After the blessing of the Grotto, Bp. Shanley delivered a very inspiring sermon on the Most Blessed Virgin Mary and on devotion to Mary in the Philippines.
Rosary devotion was conducted by Fr. Jarzembowski.
Fr. Al Jarzembowski, brother of the pastor, and pastor of St. Josephat’s Church in Detroit, then brought the Most Blessed Sacrament in procession from the Church.
The Grotto-Chapel is the center of a special devotion every year on the very Feast of the Immaculate Heart of Mary, August 22, except Sundays because Sundays must be reserved for the Annual Pilgrimages. It is sponsored by the Daughters of Isabella of the Circle of the Our Lady of the Lakes. At this devotion, there is a torchlight procession, rosary in formation of a Living Rosary, sermon, prayers with act of Consecration to the Immaculate Heart of Mary and Benediction of the Most Blessed Sacrament.
Fr. Jarzembowski died in 1962, the year of his 50th anniversary as a priest. Rev. Francis Okonowski succeeded him and continued the pilgrimages, devotions and annual books. Due his poor health, Fr. Okonowski was replaced by Fr. Edward Popielarz in 1969.
Rev. Edward Popielarz served for 17 years until his death on December 6, 1986, and was succeeded by Rev. (later Msgr.) William Easton. He served as administrator in addition to his responsibilities at nearby St. Vincent de Paul and Sacred Heart Major Seminary.
|St. Joseph Chapel, as it appeared before recent renovations - Source|
On October 11, 2009, the Pontiac parishes of St. Joseph, St. Vincent de Paul, and St. Michael the Archangel merged to form the new St. Damien of Molokai Parish. Fr. James Kean has served as pastor of St. Damien of Molokai Parish ever since. Because the parish couldn't afford to maintain three churches, St. Joseph Church closed in 2013 and was put up for sale.
|The interior of St. Joseph, when it was still a parish church - Source|
At the same time, Terra Sancta, a Franciscan apostolate, was looking for a new home. Among other things, they lead biannual pilgrimages to the Holy Land.Terra Sancta began a $300,000 fundraising campaign to purchase and restore the chapel, shrine and grounds. Thankfully, the campaign was successful and the proceeds of the sale went to St. Damien of Molokai Parish. In turn, the parish was able to pay off its debts.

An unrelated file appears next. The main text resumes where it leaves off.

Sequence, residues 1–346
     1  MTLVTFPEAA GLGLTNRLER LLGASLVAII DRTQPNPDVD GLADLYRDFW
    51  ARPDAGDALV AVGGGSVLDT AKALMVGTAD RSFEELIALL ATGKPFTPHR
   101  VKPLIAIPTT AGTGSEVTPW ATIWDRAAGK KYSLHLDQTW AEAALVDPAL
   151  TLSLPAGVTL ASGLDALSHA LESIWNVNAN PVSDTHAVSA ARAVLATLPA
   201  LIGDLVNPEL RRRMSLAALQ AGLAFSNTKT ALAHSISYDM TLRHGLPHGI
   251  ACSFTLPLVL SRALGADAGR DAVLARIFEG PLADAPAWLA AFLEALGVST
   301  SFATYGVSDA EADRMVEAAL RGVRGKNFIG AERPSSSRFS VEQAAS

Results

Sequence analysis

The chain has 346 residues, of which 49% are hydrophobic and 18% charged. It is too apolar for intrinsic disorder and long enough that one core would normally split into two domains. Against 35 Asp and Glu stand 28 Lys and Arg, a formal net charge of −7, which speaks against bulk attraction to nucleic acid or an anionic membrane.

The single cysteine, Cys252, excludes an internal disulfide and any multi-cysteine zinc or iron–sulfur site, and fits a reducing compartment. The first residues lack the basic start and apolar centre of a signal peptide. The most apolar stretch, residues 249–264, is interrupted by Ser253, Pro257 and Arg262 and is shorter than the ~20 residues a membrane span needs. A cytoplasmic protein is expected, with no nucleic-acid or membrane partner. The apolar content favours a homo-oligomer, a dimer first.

“I first saw this church in 2008, when Patti and I were part of a Franciscan retreat together...I saw this church and thought, I would really like to have this church one day. There is just so much that needed to happen; from St. Damien closing the place to us needing a place and being able to raise the money, you can just tell God wanted us here.”
“We had people from the community stop and ask when we are opening and thanking us for once again providing a quiet place for people to reflect and pray... We really want to restore St. Joseph’s role in Pontiac and bring back this beautiful devotion to Mary to the people in the community.”
The chapel recently reopened on May 13th of this year, on the centennial of the first apparition of Our Lady of Fatima.
The high altar was refinished and a large crucifix replaced statues of St. Joseph and other saints.
Among the most noticeable renovations: a stone facade was added to the front entrance as well as new siding.
Our Lady of the Cape, originally in the shrine, currently stands in a niche on the left side of the chapel. St. Joseph, brought from Saginaw's Cathedral of Mary of the Assumption, on the right side of the chapel.
A window in Our Lady's niche; the octagonal shape is usually associated with baptismal fonts and the niche may have been a baptistery at one time. The flower and star at center are traditionally recognized as Marian symbols.
Symbols of Christ and the four evangelists in the window above the doorway.
Outdoor Stations of the Cross, dating to the mid-1950s, stand along the perimeter of the property.
The last three Stations are weathered statues outside of the rectory.
A small, wooden altar stands behind the chapel, used for outdoor Masses.
According to University of Dayton, which maintains a library of Marian shrines, this is one of only six Marian shrines in the state of Michigan.
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For more info: A Gift For Our Mother + Terra Sancta Pilgrimages + fundraising brochure
Articles in The Michigan Catholic: May 2014 + August 2015
More history: Polish-American Liturgical Center, history of St. Joseph Chapel,
history of the Shrine of the Immaculate Heart of Mary
Photos before the renovation: AOD Film Services